‘The Andy Griffith Show’: Why Ron Howard’s Parents Refused to Let Show Make a Line of ‘Opie’ Clothes

Ron Howard’s parents wanted him to be a normal kid. So when he was starring as Opie on The Andy Griffith Show, they said no to some lucrative endorsement deals.

Rance and Jean Howard wanted to make sure their oldest son went to all his classes. They wanted him to play Little League baseball. But they said no to a deal of putting their son’s name on a line of Opie clothes from The Andy Griffith Show.

“I wasn’t really a Hollywood kid too much,” Howard told the Washington Post in 1985. “Because I didn’t really know any other Hollywood kids, and my parents didn’t allow my time away from ‘The Andy Griffith Show’ to be absorbed by promotional things.

“Somebody wanted to do an Opie line of boys’ clothing, and I guess it would have been a fairly lucrative thing, but they wanted me to travel to different department stores. And my parents just said no.”

Howard said his parents often called themselves “sophisticated hicks.” They both were from small town Oklahoma. Rance grew up in Newkirk, his wife, Jean, lived in Duncan. And they met while drama students at the University of Oklahoma. Fellow Sooner Dennis Weaver introduced the two. Weaver went on to play Chester on Gunsmoke and then star in McCloud. Rance and Jean Howard had acting careers, as did son, Clint. But Ron was the star of the family.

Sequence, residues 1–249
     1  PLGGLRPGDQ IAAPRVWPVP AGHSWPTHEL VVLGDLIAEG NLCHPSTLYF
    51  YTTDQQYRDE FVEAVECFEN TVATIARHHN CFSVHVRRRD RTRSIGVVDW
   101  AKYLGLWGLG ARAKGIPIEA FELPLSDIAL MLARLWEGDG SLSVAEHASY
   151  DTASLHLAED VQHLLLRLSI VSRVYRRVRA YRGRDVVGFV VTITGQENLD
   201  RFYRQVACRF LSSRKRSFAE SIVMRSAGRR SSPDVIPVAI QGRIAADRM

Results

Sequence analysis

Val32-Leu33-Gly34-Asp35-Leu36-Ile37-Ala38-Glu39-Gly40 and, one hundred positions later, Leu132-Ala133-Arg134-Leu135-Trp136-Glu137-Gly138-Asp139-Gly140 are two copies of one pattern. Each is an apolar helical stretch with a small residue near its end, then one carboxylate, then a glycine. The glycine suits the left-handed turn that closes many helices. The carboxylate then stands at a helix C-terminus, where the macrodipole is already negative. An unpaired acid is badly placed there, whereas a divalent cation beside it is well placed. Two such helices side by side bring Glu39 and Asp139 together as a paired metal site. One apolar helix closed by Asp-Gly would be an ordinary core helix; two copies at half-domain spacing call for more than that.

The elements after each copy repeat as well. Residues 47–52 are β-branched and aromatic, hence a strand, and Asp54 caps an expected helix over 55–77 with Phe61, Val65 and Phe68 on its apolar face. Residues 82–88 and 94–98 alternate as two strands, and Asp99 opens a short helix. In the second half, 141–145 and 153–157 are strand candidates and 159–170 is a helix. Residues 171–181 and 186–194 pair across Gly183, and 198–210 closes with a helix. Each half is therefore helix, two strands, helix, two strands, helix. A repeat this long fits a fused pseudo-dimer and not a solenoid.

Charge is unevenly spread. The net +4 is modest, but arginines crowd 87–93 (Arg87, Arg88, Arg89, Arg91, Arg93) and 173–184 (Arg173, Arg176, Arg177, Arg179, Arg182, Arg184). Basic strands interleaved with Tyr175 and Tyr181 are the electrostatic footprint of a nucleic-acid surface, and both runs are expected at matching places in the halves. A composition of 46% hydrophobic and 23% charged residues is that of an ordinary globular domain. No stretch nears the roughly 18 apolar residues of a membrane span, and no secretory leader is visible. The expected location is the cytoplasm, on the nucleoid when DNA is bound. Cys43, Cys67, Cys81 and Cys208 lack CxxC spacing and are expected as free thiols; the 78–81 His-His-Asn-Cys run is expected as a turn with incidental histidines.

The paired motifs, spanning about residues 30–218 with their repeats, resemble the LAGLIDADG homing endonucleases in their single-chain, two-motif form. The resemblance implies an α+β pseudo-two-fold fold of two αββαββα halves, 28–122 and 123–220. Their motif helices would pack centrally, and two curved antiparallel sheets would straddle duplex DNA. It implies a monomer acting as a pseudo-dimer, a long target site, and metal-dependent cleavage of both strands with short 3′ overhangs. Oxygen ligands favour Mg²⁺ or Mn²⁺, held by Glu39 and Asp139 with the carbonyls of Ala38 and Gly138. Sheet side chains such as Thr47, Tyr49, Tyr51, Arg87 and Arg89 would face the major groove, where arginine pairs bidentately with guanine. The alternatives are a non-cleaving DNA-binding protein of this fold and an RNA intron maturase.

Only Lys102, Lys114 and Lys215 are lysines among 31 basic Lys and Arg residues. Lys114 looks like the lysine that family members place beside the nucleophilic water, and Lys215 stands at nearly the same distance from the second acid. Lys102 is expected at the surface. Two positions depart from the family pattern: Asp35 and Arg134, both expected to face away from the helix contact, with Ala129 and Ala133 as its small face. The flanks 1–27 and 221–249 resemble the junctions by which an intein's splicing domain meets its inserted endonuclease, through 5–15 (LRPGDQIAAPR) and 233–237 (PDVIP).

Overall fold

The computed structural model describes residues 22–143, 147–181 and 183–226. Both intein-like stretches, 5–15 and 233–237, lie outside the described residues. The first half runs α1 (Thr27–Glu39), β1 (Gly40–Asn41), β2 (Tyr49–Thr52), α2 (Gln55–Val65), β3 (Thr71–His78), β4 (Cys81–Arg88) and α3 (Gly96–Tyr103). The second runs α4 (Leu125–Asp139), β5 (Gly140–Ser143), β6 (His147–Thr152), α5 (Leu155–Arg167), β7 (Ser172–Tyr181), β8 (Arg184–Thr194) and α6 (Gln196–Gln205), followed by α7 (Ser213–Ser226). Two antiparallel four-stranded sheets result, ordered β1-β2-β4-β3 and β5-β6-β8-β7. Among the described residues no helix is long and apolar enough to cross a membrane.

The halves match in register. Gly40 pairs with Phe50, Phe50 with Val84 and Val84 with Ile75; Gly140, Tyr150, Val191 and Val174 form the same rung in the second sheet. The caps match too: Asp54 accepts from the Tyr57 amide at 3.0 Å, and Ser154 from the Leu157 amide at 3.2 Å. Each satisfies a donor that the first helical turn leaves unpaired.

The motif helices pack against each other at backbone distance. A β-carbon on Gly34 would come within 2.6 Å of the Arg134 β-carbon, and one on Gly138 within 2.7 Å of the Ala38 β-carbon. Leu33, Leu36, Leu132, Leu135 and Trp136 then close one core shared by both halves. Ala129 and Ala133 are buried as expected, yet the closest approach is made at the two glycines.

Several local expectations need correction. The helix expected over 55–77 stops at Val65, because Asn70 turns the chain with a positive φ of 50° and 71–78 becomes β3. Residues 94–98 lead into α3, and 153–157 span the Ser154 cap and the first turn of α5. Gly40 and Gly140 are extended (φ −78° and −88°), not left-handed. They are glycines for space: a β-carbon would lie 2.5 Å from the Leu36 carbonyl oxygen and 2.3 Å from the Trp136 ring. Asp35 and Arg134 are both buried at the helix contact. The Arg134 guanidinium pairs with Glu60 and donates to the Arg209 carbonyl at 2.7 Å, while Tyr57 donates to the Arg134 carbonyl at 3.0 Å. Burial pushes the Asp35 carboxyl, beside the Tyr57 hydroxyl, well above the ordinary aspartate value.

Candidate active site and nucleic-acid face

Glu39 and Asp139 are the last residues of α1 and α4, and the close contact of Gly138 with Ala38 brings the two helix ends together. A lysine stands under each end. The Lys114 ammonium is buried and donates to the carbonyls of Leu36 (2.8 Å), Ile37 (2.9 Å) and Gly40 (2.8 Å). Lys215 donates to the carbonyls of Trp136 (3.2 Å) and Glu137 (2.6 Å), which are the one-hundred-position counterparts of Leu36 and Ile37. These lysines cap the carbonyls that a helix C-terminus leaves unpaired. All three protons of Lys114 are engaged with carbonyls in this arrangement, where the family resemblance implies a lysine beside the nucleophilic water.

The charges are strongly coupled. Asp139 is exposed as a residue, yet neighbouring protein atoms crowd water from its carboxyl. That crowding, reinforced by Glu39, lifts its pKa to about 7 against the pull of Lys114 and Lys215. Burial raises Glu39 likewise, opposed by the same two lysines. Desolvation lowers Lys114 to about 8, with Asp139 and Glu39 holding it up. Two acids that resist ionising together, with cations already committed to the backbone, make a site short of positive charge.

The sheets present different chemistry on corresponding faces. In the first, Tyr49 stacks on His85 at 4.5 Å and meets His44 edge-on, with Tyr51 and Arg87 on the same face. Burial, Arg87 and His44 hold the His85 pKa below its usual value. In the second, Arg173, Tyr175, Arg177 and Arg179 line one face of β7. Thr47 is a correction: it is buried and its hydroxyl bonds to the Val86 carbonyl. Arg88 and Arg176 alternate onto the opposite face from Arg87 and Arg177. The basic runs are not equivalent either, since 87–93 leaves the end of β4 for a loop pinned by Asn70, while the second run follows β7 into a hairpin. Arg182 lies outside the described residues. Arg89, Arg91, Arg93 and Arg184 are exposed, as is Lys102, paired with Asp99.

Howard Earned Role on Andy Griffith Show After Shout Out from Ronald Reagan

Howard landed his role as Opie when a producer of the Andy Griffith Show heard Ronald Reagan talk about the youngster. This was in early 1960, after Howard played Barnaby on an edition of the TV show General Electric Theater, which was hosted by Reagan. The producer called Howard’s agent and told him they were making The Andy Griffith Show. They needed to cast Andy’s young son and six-year-old Ronnie looked perfect for the part.

Howard said it finally hit him that being on shows series like The Andy Griffith Show could be very lucrative. He needed baseball, and the contract negotiations with two-star pitchers for the Los Angeles Dodgers, to bring it home for him. He told the Post:

“In ’66 when (Sandy) Koufax and (Don) Drysdale were holding out for $100,000, I remember reading that — it was headlines in the sports page every day,” Howard said. “And (he) sat down and figured out what my salary was going to be for the 34 shows we were going to do that year. And it came to $105,000.

“When it occurred to me that at 12 I was making the same money that Koufax was, that was the first time that I put in perspective what the money was.”

To think, it could’ve been more if only his parents would’ve allowed the Opie clothing line.

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